From The Morning Telegraph’s editorial page, July 27, 1899:
The Latest Thing in Journalism Is the Thug Era
The past decade has seen many changes in journalism. Some fifteen years ago a man came out of the West and began ferreting out crime for the purpose of gaining a circulation for the moribund paper he had purchased. In due course of time there arose “comic” supplements, latest afternoon extras, and other innovations which possessed, in those days, the merit of novelty, if no other merit. Then came the “signed statement” era. The first pages of several papers were largely devoted to statements, two columns wide, set in long primer, on “How to Make a Pretty Lambrequin Out of Last Summer’s Chiffon Underskirt,” and singed by some distinguished person such as Edward W. Bok or Joseph H Choate. No news story was complete without a signed statement. Hordes of reporters held up ambulances and secured signed statements from the dying victim of an accident, which duly appeared in print the following morning, headed:
The late John Thompson writes exclusively for The Daily Lightning, describing how it feels to be killed in a dynamite explosion.
This signed statement era was a hideous dream. That eminent young philosopher, Charles Dryden, immortalized it in the following touching verse:
“We are lost!” the captain shouted,
As he staggered down the stair.
But his little daughter whispered,
As she clasped his icy hand:
“Let us sign a written statement;
They will print it when we land.”
Then there a came a long series of journalistic epochs—the monument, the memorial sword, the free weiner schnitzel kitchen, the woolen blanket and overall fund epochs—but to-day sees the ushering in of an even more remarkable journalistic era. I hesitate to give this a name. It might be called the Thug Era. That will do as well as anything else.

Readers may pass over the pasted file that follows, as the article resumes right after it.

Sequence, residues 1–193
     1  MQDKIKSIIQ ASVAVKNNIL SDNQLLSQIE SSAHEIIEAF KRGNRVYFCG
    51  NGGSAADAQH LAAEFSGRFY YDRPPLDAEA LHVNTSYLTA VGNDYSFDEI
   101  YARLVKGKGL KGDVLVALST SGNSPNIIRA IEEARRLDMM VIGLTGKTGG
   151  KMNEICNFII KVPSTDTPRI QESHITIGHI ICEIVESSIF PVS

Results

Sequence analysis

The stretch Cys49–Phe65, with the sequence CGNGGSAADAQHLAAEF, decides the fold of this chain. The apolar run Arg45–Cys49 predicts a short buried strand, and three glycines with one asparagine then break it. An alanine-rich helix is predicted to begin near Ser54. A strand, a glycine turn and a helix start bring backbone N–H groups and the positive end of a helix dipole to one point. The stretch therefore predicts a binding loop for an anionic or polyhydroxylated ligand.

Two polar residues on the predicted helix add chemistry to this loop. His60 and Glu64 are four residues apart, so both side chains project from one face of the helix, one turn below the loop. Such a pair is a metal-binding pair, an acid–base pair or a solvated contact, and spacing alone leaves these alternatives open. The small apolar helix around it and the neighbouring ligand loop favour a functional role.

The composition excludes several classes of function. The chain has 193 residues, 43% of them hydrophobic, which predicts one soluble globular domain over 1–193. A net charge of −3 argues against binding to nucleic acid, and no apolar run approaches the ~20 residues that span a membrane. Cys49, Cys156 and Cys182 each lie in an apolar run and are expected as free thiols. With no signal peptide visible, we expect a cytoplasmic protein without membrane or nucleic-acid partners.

Two evening papers are responsible for this—or, perhaps more properly, the striking newsboys are the direct cause. When the boys refused to sell their papers the circulation managers were compelled, much against their will, to think. If the boys would not sell the papers and were determined to attack all other boys who were willing to do so, then must force be met with force.
“We will secure vendors who are physically able to resist the assaults of the strikers,” said the circulation managers.
The result has been interesting. By the promise of $2 per day and a commission of forty cents for each one hundred papers sold, the circulation managers have secured the most wonderful set of newsboys ever seen in this or any other community. The streets in the lower part of the city present a unique and even terrifying spectacle. Square-jawed, evil-eyed thugs, looking strange in citizen’s clothes instead of striped garments, hawk the evening editions with hoarse cries.
“Hevenin’ Dot! Hevenin’ Dot! Come here, me blokie, h’and buy th’ Evening’ Dot! No, ye don’t get no change, see!”
The citizen, pallid, thinking of the dear ones at home dependent on him for support, meekly hands over a $5 bill for a paper, and slinks away, thankful he still retains possession of the old fashioned watch which once belonged to his sainted mother.
There have been a few attempts on the part of the strikers to interfere with the business of these vendors, but they have been futile. With memories of many athletic struggles at the dear old Alma Mater the purveyors of evening papers have formed a flying wedge and with their stirring college cry of
Rah! Rah! Rah!
Siz! Boom! Ah
have charged the attackers and dispersed them.
And from far across the square is heard the battle cry of other college graduates shouting:
Ring, ring, ring,
Let the welkin ring!
Who are we?
Don’t you see?
Truly, the Thug Era is the latest development in up-to-date journalism.
W. R. Sill